Tired or achy all of the time? You may need to eat more fat.

Karla Walsh
October 28, 2019

The low-fat craze of the '80s and '90s has gone the way of perms and pleated pants—it's no longer the norm, due to the high-fat, low-carb keto and paleo diets at the top of the trends list. Yet some Americans, who aren't following those types of diets, are still falling short when it comes to fat. Bonnie Taub-Dix, RD, creator of BetterThanDieting.com and author of Read It Before You Eat It: Taking You from Label to Table, says, "Aim for 30 to 35 percent of daily calories each day from fat," suggests Taub-Dix. "I still have plenty of clients who seek fat-free products, and it's a nutrient that's definitely misunderstood by many people. A balanced diet is key."

Related: "Bad" Foods You Should Be Eating

So, what does that balance look like in terms of what you see on the nutrition label?

"Most adults should eat at least 60 grams of fat each day," says Ashley Reaver, RD, a registered dietitian at Ashley Reaver Nutrition LLC in Oakland, California. "This is a minimum amount, especially for females. Fat needs will rise from there as overall calorie needs increase, based on body size and activity level."

Recipe Pictured: Salmon-Stuffed Avocados

Translation: If you're active or larger than average, you'll need to add more avocados, almonds and albacore to your diet. (But before you do, check out the latest science about if *all* fats are actually healthy now.)

Science has proven—and the dietitians we spoke to agree—going too low in fat can impact your brain and your body. Read on for how to tell if you need to nosh on more nuts.

6 Signs You Might Need to Eat More Fat

Pictured Recipe: Goat Cheese & Chive Guacamole

You're Always Hungry

One of the many benefits of fat: It's super-satisfying.

"The body uses up carbs and protein very quickly. Fat, on the other hand, really slows down the digestion of food and provides substantial calories," Reaver says.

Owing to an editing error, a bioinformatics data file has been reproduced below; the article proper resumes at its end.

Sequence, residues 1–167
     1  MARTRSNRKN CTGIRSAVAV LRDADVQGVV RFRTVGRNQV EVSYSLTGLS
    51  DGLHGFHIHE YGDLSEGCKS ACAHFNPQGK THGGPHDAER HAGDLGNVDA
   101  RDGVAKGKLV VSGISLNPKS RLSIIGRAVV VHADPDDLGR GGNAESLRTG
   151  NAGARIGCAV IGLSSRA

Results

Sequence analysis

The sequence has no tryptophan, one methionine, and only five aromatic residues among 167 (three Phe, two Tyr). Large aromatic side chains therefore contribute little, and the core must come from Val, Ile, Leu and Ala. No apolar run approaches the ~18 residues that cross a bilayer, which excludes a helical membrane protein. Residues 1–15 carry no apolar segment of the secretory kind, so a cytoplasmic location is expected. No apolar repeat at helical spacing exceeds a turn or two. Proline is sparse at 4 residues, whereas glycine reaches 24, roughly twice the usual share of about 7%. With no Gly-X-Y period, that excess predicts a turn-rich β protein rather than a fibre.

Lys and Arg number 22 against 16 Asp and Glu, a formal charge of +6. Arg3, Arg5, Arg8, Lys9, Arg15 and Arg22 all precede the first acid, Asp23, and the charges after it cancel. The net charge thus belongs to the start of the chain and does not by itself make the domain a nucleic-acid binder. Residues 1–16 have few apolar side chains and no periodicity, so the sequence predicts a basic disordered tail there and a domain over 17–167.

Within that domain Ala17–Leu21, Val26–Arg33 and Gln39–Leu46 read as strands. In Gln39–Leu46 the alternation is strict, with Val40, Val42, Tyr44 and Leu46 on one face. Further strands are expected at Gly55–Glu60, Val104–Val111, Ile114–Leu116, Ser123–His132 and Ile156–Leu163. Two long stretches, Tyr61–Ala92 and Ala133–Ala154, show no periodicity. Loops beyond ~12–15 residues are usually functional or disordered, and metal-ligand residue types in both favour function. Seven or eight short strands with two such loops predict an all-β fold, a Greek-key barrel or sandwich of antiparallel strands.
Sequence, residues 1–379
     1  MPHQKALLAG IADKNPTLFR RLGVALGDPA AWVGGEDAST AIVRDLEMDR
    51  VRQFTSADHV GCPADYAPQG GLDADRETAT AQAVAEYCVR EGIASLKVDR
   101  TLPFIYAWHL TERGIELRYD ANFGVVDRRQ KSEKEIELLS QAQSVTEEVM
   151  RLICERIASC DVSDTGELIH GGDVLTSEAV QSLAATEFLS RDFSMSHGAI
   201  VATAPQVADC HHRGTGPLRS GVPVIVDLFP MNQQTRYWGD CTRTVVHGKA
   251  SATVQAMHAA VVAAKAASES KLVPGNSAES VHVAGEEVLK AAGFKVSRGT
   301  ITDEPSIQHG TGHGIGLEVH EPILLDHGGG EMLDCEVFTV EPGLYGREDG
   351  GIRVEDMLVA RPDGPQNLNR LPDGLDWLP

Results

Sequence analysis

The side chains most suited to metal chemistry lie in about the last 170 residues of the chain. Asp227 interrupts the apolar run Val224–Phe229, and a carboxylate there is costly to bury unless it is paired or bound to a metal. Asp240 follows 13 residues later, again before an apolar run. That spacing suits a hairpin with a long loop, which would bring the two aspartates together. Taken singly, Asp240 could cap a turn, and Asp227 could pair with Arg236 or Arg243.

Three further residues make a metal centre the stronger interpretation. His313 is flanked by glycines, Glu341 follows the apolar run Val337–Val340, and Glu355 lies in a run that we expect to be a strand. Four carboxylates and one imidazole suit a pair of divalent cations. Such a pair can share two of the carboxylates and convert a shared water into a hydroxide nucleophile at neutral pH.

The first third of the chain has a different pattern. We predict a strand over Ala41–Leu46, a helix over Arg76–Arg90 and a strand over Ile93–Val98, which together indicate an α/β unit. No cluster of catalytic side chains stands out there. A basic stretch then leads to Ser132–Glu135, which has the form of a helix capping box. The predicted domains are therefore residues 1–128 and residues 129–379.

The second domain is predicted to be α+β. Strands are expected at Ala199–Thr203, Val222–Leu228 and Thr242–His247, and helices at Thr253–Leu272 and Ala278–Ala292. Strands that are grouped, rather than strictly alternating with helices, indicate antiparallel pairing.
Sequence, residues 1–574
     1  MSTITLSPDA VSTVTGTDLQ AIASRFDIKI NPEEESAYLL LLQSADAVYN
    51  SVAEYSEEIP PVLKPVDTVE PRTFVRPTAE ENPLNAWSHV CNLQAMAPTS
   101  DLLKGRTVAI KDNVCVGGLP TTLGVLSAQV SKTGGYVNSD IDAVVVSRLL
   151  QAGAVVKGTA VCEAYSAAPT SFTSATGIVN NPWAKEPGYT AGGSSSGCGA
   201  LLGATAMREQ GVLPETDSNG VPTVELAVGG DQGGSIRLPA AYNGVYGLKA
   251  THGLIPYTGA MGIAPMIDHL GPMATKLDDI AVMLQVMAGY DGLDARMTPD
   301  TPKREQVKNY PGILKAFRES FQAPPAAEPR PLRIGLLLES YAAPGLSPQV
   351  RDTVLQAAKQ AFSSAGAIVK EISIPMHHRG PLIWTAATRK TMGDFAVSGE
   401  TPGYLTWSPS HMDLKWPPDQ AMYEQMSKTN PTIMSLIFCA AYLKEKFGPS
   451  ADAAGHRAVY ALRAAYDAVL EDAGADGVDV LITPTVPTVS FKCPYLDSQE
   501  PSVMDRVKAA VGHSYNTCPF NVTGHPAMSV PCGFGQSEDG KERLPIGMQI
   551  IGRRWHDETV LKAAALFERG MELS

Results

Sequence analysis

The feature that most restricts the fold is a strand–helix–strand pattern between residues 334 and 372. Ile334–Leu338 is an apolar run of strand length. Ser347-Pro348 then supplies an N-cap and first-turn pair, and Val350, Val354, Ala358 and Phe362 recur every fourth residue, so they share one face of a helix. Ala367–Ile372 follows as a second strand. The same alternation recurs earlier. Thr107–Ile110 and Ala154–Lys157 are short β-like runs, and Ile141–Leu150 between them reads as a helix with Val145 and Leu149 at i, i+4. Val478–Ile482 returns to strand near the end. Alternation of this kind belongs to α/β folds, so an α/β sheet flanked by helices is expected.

If you're ravenous again shortly after meals, try adding an extra fat source, such as a hard-boiled egg (yolk included) with your breakfast of fruit and cereal or a schmear of guacamole on your turkey sandwich at lunch.

You Frequently Feel Fatigued

Your body needs fuel to fire on all cylinders.

"Low intake of fat will likely lead to a low intake of overall calories," Reaver says. "Fat contains 9 calories per gram, significantly more than protein and carbs which each contain 4 calories per gram. Limiting fat intake will also significantly limit overall calorie intake."

The end result: You feel super-sluggish.

Related: 4 Good Foods to Eat Full-Fat

Your Joints Ache

Omega-3 fatty acids—found in salmon, walnuts, tuna, flax seed, and more—help maintain the structural integrity of every cell from head to toe, Reaver explains.

"Low levels of omega-3s and overall fats can results in a loss of flexibility in joints and increase inflammation in them, especially for active individuals," she says.

Related: What Is Omega-3 and What Are Good Food Sources of Omega-3 Fatty Acids?

You're Catching More Colds Than Usual

Your sniffles might be related to not enough sustenance, rather than a seasonal sort of thing you assume it to be.

"Omega-3 fatty acids are also closely tied to inflammation and immune health. A low intake of fats—and therefore a low intake of omega-3s—can result in a weaker-than-usual immune system, leaving you susceptible to frequent bouts of the common cold or upper respiratory infections," Reaver says.

Your Skin is Dry

The saying "you are what you eat" does have some truth to it, and if you don't eat a lot of oil, your body won't have much to spare to maintain soft and supple skin.

"One of the biggest signs that you're not eating enough fat is dry skin, which can speed up the appearance of aging," Taub-Dix says. "Fat also helps your body absorb fat-soluble vitamins which can help you glow from the inside out." (The best Rx? Adding these healthy recipes for glowing skin to your menu.)

Your Brain Feels Foggy

Over the long term, following a balanced Mediterranean diet (including plenty of healthy fats from foods like olives and fish), leads to lower risk for cognitive impairment, according to a study published in the journal Neurology.

And in the short-term, eating enough of those aforementioned omegas keeps your brain bright.

"Omega-3 fatty acids are critical for maintaining the structural integrity of brain cells, too. If you are feeling 'off' mentally, this may be an indication that your fat intake is too low. Research also supports that omega-3 intake is linked to overall mood," Reaver says.

The Bottom Line

If you're experiencing any of the above symptoms, take a look at what you're eating at each meal to see if the culprit may be eating too little fat (or carbs or protein). Rather than going from one extreme (low- or no-fat diets) to the other extreme (high-fat diets, like keto), following a balanced diet that includes healthy amounts of all foods, is the golden ticket.

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